So my dad picks me up a little before seven, and we drive off to the airport. The Columbus airport is normally pretty quiet, and today it’s even quieter because of the holiday. We get on our plane and are in Boston by eleven, so we head to the hotel using Boston’s subway system, the T. We get to the hotel, the Eliot, which is this really nice building with a marble lobby and cookies left for you in your room. We head out after dumping our bags to go on a Freedom Trail tour, in which someone in 18th century garb takes us on a tour of the areas of Boston associated with the Revolutionary War (and on America’s birthday, that’s really special). The tour is pretty interesting, and we learn some amazing things about America’s war heroes (turns out, Paul Revere isn’t actually the hero we think he is).

After that, we go on a Duckboat Tour, which is a tour of Boston given on a WWII-era amphibious vehicle that goes on land and in water. Our tour guide calls himself Harley Davidson, and he dresses just like a biker, but he tells hilarious stories, ranging from an actual flood of molasses in Boston’s streets, and how he once gave a tour to the New York Yankees, nearly costing them the game while he was at it. He also tells us some interesting facts about Boston, including how the town was the sight of many firsts in medicine, but he peppers the stories with plenty of puns. After the tour ends, we head to Newbury Street, a street near our hotel with all these trendy shops and restaurants. My dad and I grab Vietnamese, and then I go a little overboard on souvenirs at a Harry Potter shop and a comic book shop (can you blame me?).

Abba and I by the cannonss.

We go back to the hotel to rest before meeting a friend of ours for Boston’s Independence Day Celebration, which is this huge outdoor concert with all these famous singers: Bryan Stokes Mitchell, Leslie Odom Jr, Melissa Etheridge, and Andy Grammer. Our friend gets us seats with the military families, so we’re right near the front of the party, and we even see some of the performers up close (I actually got to shake hands and talk with Leslie Odom Jr and Bryan Stokes Mitchell, and even take a selfie with the latter). It’s all topped off with a performance of the 1812 overture with cannons, and my dad and I were so near the cannons that we felt the full blast every time one went off. Finally we saw the fireworks, and then we went home to sleep.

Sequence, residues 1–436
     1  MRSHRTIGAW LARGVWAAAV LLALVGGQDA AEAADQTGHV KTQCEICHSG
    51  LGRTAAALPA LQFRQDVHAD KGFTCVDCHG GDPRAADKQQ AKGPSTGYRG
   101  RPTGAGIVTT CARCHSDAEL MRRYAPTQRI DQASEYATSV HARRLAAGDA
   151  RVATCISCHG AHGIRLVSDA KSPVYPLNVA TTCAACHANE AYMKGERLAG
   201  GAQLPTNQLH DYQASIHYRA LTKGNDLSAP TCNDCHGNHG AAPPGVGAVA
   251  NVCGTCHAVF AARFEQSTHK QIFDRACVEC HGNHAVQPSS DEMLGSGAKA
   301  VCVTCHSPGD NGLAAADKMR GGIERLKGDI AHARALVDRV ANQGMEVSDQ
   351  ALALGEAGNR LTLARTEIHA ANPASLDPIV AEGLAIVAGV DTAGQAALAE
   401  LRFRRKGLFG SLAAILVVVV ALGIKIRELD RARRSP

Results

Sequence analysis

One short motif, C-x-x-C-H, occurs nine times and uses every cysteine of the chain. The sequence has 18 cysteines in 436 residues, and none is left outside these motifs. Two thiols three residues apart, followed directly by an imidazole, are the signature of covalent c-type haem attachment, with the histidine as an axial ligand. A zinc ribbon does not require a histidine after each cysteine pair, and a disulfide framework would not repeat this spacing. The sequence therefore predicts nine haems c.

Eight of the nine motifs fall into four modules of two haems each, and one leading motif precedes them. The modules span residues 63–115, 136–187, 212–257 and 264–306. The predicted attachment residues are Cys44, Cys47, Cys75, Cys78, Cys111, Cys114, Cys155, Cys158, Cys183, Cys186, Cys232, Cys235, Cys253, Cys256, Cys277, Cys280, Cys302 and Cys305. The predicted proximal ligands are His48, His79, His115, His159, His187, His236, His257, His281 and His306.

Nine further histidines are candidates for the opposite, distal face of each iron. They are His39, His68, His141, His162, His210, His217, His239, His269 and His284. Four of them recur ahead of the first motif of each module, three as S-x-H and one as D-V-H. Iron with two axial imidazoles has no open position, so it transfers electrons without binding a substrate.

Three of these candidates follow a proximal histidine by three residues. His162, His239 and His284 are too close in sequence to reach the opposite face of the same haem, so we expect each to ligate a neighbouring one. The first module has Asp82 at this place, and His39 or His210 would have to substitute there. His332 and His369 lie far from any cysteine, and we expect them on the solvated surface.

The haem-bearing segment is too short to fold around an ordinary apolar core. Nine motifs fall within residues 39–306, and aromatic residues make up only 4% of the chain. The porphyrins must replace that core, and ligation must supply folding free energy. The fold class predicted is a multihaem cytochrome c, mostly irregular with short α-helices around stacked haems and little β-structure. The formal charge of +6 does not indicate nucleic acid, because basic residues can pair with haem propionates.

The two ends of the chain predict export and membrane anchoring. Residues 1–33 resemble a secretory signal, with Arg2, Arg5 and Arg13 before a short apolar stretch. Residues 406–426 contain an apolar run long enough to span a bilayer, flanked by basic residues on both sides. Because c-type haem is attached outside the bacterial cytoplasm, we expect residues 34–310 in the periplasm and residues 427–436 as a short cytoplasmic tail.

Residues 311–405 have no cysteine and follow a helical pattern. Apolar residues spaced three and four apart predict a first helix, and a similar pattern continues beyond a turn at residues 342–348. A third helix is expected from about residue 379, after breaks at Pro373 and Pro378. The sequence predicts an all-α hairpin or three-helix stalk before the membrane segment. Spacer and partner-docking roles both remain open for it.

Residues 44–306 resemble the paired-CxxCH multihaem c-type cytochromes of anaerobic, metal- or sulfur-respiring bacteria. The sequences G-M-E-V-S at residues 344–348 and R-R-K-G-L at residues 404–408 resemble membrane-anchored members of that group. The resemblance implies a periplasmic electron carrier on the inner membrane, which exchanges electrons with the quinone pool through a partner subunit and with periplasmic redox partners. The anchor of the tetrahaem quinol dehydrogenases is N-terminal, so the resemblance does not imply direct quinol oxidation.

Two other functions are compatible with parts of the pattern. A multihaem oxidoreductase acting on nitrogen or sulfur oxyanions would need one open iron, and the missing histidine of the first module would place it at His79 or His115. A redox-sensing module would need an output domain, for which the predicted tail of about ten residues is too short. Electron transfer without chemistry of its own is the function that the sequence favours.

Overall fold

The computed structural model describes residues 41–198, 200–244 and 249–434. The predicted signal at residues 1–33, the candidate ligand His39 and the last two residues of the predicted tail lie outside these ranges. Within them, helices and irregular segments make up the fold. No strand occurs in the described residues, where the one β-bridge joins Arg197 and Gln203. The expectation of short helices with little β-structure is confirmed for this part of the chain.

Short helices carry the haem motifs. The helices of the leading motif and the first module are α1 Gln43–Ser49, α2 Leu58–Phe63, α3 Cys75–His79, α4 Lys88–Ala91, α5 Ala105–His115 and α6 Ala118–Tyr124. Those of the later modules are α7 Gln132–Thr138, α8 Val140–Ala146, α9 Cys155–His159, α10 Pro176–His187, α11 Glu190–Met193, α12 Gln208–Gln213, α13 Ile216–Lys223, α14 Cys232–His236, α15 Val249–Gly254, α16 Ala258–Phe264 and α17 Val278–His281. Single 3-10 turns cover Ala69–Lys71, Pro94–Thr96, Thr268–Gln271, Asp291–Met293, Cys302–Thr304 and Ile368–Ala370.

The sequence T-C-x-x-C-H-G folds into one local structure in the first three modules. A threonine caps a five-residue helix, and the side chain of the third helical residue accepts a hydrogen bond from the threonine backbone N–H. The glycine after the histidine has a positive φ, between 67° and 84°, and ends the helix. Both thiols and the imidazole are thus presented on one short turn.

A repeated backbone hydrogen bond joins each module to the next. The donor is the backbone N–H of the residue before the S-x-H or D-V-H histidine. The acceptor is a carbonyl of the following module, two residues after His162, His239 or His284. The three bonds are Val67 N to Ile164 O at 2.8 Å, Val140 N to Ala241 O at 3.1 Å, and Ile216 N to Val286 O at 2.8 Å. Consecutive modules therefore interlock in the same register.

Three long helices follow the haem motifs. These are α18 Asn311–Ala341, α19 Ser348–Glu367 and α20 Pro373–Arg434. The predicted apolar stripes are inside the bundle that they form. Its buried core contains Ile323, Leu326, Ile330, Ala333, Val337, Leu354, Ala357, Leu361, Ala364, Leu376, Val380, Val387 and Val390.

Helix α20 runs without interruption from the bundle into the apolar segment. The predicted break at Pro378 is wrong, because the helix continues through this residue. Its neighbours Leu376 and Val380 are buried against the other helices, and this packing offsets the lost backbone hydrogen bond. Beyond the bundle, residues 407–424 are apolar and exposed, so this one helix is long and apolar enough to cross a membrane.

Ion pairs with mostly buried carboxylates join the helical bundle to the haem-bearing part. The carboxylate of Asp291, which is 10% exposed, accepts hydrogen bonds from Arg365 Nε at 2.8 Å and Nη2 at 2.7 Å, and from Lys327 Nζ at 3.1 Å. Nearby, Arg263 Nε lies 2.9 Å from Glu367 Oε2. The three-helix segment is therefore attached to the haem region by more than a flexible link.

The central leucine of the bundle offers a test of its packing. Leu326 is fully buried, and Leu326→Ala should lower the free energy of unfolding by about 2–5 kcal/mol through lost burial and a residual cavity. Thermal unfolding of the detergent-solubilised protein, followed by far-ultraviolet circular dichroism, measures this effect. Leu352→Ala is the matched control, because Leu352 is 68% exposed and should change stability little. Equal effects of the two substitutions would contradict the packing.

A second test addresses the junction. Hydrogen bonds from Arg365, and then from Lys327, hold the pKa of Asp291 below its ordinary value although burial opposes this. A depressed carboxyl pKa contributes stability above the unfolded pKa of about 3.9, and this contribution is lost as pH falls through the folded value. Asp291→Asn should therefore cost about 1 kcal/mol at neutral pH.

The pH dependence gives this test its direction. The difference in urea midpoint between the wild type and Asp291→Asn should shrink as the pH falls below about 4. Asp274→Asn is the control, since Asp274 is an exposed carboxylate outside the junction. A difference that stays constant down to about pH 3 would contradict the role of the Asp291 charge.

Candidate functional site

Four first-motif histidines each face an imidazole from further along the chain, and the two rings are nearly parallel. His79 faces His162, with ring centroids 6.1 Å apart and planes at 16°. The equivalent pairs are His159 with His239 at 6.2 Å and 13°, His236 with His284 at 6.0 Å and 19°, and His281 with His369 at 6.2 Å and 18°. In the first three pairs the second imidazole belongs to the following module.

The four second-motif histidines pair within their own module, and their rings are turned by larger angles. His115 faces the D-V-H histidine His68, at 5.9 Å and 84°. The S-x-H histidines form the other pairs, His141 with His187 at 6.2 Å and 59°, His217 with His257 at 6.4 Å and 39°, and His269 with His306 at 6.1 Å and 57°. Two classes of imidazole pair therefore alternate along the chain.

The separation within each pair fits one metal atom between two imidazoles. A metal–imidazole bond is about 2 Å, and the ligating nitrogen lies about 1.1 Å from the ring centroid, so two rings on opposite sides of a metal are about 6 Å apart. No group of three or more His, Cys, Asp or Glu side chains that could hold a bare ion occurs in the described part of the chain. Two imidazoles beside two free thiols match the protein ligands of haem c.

Wednesday, July 5th 2017: Salem

Abba and I get up the next day and head out to Salem, home of the famous witch trials. After a ride on a commuter train, we get to Salem, which if you didn’t know the history of the town, could be any little seaside resort town. We find the visitor’s center, and head out to the Salem Witch Museum, which recreates the trials and presents them in the framework of how fear and a single event can cause massive persecutions. After I again went a little overboard on the souvenirs, we walked to this cafe for lunch, and on the way there we found the famous Bewitched statue, at which I took this gem of a photo. We then took the time to see the Salem Witch Trials Memorial, which uses fences and open spaces to emphasize the fates of the accusers and the accused, before heading on to the Salem Witch Village, where modern Wiccans tell you about their belief systems.

I’m hanging on for dear life!

After that, we took a break from the witches and headed to the famous House of the Seven Gables, which was immortalized by the novel by Nathaniel Hawthorne. It was pretty cool to see this famous house in real life rather than just in my imagination, and to see that it actually had secret passageways! After that, we headed to the Peabody Essex Museum, which is this beautiful building filled with all this amazing artwork, and where we viewed an exhibit about steamliners, which was as educational as it was entertaining and beautiful.

After the musuem, we decided to head back to Boston, and after a rest in our hotel room, we headed to the North End, which features some of the best restaurants in Boston, as well as some of the best Italian you’ll have outside of Italy (if you don’t eat there, you’re wasting a trip to Boston). We ate at Giacomo’s, the #2 restaurant in the North End, and enjoyed the cuisine. We then stopped in Mike’s Pastry shop, which features the best cannolis in Boston, and enoyed a devilishly good desert before heading back to the hotel. We had a drink in their bar, and then headed off to bed.

Thursday, July 6th, 2017: MFA and Fall River

Me imitating Washington’s pose.

Very brief: we went to the Boston Museum of Fine Arts, which was frankly lovely, and full of the most beautiful paintings and sculptures, some of which with real historical significance to America. After that, we picked up a rental car and headed south to Fall River. We grabbed lunch on the way, and tried to tour John Adams and John Quincy Adams’ childhood home, but all the tours were booked, so we just continued on to Fall River. After that, you know what happened: Lizzie Borden!

Friday, July 7th, 2017: Last Day

Being on a massive warship.

After checking out of the Lizzie Borden Bed & Breakfast, Abba and I checked out Battleship Cove, a museum featuring actual warships from WWII, and Fall River’s other big tourist attraction. As this was what I studied in college, it was really cool to see these up close. After that, we headed back up to Boston, where we dropped off the rental car and got on the plane home.

 

So that was my time in Boston. I’ve got one more post planned, and unless I didn’t get any ghost voices on my digital recorder, that should be the last post on this trip for a while. I hope you enjoyed hearing about my trip, and that I haven’t bored you to death on the subject.

Until next time, Followers of Fear!